Only an idiot or a con-man conflates the undirected random process of genetic variation at the individual level with the asymmetric — and thus directional — distribution of the result of selection pressure on the population as a whole.

  3. Dave Luckett

    Here we have yet another example of a creationist leaping on a single word, “directionless” – and throttling the life out of it. Evolution is not directionless in the sense that it’s random. It hunts fitness for environment. It is only “directionless” insofar as nobody directs it. As longshadow remarks, only an idiot or a con-man would do this: take an unnecessary and unintended implication and pretend that it’s a necessary and intended one.

    But Ham is one or the other, or both, by turns, even both at once. I don’t know which predominates, or if either does.

  4. Adam Rutherford is, as many readers here will know, a distinguished writer on biological subjects, especially human evolution, and I feel confident that the Daily Mail article correctly describes his views. The diagram in question is of course the mistitled March of Progress https://en.wikipedia.org/wiki/March_of_Progress, correct title The Road to Homo sapiens. A particularly crude version of the diagram appears on the cover of Jonathan Wells’ Icons of Evolution. The Wikipedia article shows that the original diagram is much less bad than such popular representations. Wells’ version, for example, imposes a progression from dark to light which is absent from the original

    What part of “Mutation creates, selection winnows” don’t the creationists understand?

  5. chris schilling

    “This progression has long been presented as fact in most textbooks, museums, and in the media.”

    If anything, it’s creationists who still cling to the idea of evolution as (supposedly) orthogenetic. They’ve had at least forty years or so to access more broadly accurate descriptions of evolution as a branching, non-orthogenetic process, as presented in our natural history museums and in the general literature on the subject, including Darwin’s The Origin. (I wouldn’t rely on popular media for information on evolution, unless it’s by good science writers like Faye Flam or Carl Zimmer, or presenters like Alice Roberts and Brian Cox).

    Ham would object to evolution on principle, no matter how it was presented or understood. But the fact is, even a creationist like Linnaeus was more astute than today’s breed, since he clearly recognized that Homo sapiens belonged in the family of primates.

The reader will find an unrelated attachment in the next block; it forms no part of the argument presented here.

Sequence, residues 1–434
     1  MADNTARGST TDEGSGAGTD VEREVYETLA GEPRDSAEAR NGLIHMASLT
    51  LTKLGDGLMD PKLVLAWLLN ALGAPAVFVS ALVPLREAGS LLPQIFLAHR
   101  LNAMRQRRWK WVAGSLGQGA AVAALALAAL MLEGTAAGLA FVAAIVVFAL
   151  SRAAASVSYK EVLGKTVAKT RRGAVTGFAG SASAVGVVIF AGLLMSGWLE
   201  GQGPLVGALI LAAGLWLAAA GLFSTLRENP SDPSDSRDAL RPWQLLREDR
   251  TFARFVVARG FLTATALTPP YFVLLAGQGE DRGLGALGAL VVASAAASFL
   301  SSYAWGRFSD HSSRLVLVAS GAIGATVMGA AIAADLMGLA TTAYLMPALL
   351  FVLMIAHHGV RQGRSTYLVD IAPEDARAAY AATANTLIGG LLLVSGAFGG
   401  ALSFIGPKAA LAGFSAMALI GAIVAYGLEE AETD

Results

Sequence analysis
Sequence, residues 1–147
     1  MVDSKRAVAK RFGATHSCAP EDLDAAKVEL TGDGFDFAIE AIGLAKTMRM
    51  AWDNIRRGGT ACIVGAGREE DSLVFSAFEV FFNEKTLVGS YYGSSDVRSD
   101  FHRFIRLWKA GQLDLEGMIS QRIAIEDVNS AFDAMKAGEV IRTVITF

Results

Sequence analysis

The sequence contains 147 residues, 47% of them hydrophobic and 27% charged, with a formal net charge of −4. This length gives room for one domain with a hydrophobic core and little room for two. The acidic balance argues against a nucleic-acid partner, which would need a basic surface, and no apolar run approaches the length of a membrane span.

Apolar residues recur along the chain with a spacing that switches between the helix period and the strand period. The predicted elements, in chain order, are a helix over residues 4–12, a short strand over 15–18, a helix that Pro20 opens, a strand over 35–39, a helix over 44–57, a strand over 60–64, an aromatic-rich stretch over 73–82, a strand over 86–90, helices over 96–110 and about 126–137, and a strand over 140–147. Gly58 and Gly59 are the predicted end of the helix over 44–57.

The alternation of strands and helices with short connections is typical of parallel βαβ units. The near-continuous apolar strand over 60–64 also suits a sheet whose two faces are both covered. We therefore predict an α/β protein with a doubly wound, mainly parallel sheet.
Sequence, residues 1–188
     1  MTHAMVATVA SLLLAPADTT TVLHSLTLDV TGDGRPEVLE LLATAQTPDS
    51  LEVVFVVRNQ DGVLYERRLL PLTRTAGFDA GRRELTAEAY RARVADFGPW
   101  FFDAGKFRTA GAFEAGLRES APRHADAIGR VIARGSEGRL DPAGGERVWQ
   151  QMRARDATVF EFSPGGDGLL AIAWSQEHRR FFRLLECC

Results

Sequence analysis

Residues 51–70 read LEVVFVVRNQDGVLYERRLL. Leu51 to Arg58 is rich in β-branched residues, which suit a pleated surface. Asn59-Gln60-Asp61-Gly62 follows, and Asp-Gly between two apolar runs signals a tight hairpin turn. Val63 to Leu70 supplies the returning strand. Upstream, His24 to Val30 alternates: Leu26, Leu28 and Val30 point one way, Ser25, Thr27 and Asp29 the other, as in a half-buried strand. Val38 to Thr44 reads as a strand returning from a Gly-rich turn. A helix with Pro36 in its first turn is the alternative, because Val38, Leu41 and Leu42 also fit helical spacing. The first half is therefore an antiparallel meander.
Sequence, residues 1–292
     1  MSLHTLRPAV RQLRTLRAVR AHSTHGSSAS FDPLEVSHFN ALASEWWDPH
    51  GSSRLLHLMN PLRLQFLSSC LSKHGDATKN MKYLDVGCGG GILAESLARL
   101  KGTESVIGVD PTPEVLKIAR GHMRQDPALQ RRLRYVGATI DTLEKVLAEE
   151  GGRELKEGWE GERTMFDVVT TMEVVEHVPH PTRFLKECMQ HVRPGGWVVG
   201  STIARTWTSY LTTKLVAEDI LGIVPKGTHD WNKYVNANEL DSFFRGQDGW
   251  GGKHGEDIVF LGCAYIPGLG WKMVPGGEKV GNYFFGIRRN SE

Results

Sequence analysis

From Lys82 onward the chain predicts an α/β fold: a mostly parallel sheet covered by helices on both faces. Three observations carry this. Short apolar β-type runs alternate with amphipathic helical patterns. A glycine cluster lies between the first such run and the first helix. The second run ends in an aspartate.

6. @chris schilling
    Excuse me for nit-picking, but as I understand it …
    Primates is an order, not a family. It was established by Linnaeus. And Linnaeus did not, I think, have a taxon “family”.

  7. Once again the Hamster presents an argument that is wrong and demonstrates he does not know what he thinks he does.

  8. No redeemable qualities, other than the sandwich which bears his name. (The ham sandwich.)

  9. We know that atheism is NOT a religion because atheist don’t get to have automatic tax free income & profits! And if atheism is a religion like you are …then you should be taxed!!!

  10. AIUI, in Germany, the state subsidizes religions, according to the number of people who declare as adherents for each religion. Does this extend to atheism, secularists etc?

  11. Dave Luckett

    The question, TomS, would then be, “What body corporate receives such a subsidy?” In this question is a further demonstration that atheism is not a religion.

    Ham would be delighted to receive it, on behalf of, I don’t know, the far-out-in-left-field holy roller Biblical literalists, or whatever, because he is such a body. On that basis, he soaks up whatever concessions and tax dodges are going – and even some that aren’t, strictly speaking. Ham’s all for established religion, so long as either he’s the only one, or at least, it’s fair go for everyone.

    “Fair go” is an Australian expression meaning, “everybody gets a whack”. I trust this clarifies the position. It’s a deeply held value of my people. You might call it a religion.

    I wonder if you could subsidise that?

  12. “in Germany, the state subsidizes religions”
    This is incorrect. The German state collects a church tax from church members. The tax service uses Civil Registration for this. Unbelievers and adherents of non-official religions don’t pay it.
    Several other European countries have this system.

    https://en.wikipedia.org/wiki/Church_tax

    Zero chance that soulmates of Ol’Hambo will receive any governmental subsidy in these countries.
    According to DaveL’s argument Icelandic humanists are religious indeed.
    In other European countries churches have to collect their membership fees themselves. Principled discussions are silly as Kirchensteuer (church tax) is nothing but a practical arrangement.